This is especially important, and Paul gives the exacting reason for it by saying, “lest he fall into reproach and the snare of the devil.” Paul presents two distinct ideas. The first is, “lest he fall into reproach.” This cannot simply mean as Matthew Poole states, “lest men reproach such persons for their former infamous life, and so prejudice others against the doctrine they bring.” As seen, Paul’s life was surely “infamous” as he went out to destroy the Christian faith. And yet, his teaching – based on his conversion – brought glory to God. And so the idea of falling into reproach must be a turning back to the old ways and bringing discredit upon the Lord. This is why the candidate must not be a new convert. He must have a proven record of a change that has taken hold, grown deep roots, and which demonstrates that he will not be swayed by the many challenges which come from holding the position of overseer.
The second thought is falling into “the snare of the devil.” This is tied into falling into reproach, but it is also the thing which causes it to be magnified. The devil lays traps to break believers. Each person has weaknesses which must guarded against. A snare does not reflect the result of a person’s failings, but rather the cause of them. When the devil lays a snare for an overseer, it is to entrap him and cause his destruction. In order to hopefully ensure that an overseer will not be so snared, his record is to be evaluated carefully. If he is prone to weakness before ordination, how much more so when he assumes the position and is pursued relentlessly by the devil. The devil then is portrayed as a patient hunter who sets his traps. When the devil sees an overseer’s falling into reproach, he will use that failing, which has led the pastor to disgrace in the eyes of others, to drag him further from the straight path. Instead of acknowledging his sin and stepping down from the position, he will be dragged into further apostasy because of the pride which takes over. The church which he leads will be one which goes off onto a completely misguided path.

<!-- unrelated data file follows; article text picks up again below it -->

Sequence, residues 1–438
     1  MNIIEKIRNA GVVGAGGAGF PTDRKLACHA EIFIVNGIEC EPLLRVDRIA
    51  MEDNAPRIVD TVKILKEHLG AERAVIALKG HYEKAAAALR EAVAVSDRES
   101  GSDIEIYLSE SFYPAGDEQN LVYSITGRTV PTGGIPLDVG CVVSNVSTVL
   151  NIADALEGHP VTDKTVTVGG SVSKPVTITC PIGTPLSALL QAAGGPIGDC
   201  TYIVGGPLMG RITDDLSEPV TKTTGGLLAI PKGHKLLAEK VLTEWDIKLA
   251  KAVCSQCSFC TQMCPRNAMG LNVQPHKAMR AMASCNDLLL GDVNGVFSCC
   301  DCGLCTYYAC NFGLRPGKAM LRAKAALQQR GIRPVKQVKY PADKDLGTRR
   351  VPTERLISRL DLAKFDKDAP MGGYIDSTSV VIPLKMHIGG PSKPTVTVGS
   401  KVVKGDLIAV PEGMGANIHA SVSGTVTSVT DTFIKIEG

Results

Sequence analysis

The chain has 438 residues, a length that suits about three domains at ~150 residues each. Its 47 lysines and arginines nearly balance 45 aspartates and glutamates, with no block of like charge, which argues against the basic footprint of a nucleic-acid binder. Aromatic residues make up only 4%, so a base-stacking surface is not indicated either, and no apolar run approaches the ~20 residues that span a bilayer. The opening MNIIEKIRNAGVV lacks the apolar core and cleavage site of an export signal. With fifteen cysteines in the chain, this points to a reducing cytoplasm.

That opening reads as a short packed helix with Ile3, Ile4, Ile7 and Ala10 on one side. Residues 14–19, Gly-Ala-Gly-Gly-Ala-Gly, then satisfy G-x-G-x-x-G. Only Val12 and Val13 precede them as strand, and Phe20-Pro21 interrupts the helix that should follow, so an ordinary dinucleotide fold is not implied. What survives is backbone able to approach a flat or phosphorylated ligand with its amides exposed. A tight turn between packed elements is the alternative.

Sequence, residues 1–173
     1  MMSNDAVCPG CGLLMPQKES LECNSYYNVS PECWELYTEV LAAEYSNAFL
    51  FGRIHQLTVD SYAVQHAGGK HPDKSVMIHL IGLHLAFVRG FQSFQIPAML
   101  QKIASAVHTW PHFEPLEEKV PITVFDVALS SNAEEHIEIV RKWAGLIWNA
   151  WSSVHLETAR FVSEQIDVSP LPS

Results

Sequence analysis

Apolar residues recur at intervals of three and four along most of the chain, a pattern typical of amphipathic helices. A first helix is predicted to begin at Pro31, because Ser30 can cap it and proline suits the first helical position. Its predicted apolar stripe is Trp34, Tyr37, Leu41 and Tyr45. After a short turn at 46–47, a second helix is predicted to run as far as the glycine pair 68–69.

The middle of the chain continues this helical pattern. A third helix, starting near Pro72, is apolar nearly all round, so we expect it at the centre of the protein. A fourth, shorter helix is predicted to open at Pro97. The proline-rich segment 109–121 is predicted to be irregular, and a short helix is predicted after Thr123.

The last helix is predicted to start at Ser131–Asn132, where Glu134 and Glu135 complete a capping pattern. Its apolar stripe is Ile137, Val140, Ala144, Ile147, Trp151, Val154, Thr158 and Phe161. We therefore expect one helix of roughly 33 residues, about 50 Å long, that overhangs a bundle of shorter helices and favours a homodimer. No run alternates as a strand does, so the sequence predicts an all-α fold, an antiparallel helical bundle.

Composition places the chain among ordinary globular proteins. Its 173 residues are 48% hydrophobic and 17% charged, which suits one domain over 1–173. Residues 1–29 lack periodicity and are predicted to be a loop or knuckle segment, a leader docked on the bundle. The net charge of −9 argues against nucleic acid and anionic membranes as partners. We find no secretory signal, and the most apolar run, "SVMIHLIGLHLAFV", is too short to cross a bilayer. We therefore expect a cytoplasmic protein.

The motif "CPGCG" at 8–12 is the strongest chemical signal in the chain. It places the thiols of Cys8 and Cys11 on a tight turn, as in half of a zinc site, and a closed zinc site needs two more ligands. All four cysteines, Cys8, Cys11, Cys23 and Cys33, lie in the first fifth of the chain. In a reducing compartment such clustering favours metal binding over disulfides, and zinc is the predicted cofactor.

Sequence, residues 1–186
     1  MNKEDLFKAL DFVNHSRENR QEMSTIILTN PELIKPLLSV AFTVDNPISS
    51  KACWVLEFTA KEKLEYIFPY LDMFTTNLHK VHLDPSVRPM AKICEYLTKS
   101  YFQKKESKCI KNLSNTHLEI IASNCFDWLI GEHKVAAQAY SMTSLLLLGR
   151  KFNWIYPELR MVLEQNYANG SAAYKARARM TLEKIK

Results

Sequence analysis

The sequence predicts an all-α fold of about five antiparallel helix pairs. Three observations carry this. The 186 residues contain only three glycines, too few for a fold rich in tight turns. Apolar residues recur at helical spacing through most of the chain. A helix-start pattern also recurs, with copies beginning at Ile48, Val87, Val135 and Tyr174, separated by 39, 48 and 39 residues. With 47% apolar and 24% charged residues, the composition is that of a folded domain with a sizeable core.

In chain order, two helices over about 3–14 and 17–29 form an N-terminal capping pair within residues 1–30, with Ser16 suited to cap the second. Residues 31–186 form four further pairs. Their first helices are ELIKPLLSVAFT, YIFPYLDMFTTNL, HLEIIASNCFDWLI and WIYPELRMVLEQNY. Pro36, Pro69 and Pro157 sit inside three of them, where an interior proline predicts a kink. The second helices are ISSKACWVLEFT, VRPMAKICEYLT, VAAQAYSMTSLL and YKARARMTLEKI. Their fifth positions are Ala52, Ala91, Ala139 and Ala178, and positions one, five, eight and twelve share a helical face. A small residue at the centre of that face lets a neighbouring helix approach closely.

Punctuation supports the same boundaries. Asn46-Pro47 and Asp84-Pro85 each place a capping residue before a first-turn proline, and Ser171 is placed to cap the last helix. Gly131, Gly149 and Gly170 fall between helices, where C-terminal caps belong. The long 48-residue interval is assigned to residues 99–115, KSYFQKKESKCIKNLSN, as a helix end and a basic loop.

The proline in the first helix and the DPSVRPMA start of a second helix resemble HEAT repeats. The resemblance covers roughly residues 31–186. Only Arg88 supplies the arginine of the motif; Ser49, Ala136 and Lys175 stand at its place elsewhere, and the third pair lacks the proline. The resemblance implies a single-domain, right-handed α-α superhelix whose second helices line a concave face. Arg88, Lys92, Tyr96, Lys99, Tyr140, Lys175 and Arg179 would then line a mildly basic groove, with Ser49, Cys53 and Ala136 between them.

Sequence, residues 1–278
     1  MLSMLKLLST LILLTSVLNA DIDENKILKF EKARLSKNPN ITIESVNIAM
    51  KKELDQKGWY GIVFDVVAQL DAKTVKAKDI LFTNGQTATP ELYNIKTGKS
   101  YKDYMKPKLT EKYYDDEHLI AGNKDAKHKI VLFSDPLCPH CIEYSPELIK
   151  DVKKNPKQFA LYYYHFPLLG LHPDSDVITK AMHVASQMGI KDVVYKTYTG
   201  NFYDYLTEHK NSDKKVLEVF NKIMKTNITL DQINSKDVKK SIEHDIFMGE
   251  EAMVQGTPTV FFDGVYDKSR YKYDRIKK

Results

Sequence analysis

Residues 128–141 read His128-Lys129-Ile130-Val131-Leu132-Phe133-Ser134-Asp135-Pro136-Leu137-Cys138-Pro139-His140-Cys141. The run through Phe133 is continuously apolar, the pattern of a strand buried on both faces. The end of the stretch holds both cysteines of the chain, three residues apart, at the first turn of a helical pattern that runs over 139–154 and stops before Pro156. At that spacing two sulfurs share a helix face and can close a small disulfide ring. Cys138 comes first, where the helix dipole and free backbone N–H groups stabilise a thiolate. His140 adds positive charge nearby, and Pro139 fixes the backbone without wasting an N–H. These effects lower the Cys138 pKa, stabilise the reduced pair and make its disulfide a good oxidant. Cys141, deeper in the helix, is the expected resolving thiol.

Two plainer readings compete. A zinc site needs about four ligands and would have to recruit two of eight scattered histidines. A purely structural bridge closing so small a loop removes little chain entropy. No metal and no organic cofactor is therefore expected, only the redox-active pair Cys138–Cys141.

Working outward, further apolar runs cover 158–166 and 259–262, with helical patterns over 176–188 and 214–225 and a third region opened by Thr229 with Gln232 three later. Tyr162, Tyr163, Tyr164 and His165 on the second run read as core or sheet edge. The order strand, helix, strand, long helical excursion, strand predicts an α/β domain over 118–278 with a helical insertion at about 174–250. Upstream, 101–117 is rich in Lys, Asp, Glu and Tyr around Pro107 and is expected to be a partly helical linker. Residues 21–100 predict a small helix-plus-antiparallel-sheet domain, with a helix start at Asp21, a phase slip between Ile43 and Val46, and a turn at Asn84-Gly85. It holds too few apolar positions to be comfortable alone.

Life application: How many times have leaders of churches fallen from favor because of past sins, but who then come back to leadership positions again. Quite often their doctrine ignores the failings which brought them to reproach in the first place, leaving a void in their ability to fully adhere to the word of God in regards to the lives of the congregants. As an example, a leader divorces and remarries, but stays in the leadership position. He now has a void in his own ability to counsel those in the church about this issue. The congregation’s idea is, “It was OK for Pastor Newpartner, and so it must be OK for me.” One such flaw can lead to a total turning from sound doctrine. Paul’s instructions are intended to stop this before it can occur.
Precious Lord God, we pray for those who are considering becoming leaders in the church, and we pray for the congregations who must choose whether to place them there or not. May the applicants, and those who ordain, abide by the instructions found in Scripture for making their determinations. You have laid out the guidelines for a reason and so, in following them, there is a greater chance of a sound person being ordained if they are followed. In this, there will be the hope of bringing glory to You as they live out their lives in their positions. We certainly pray for this. Amen.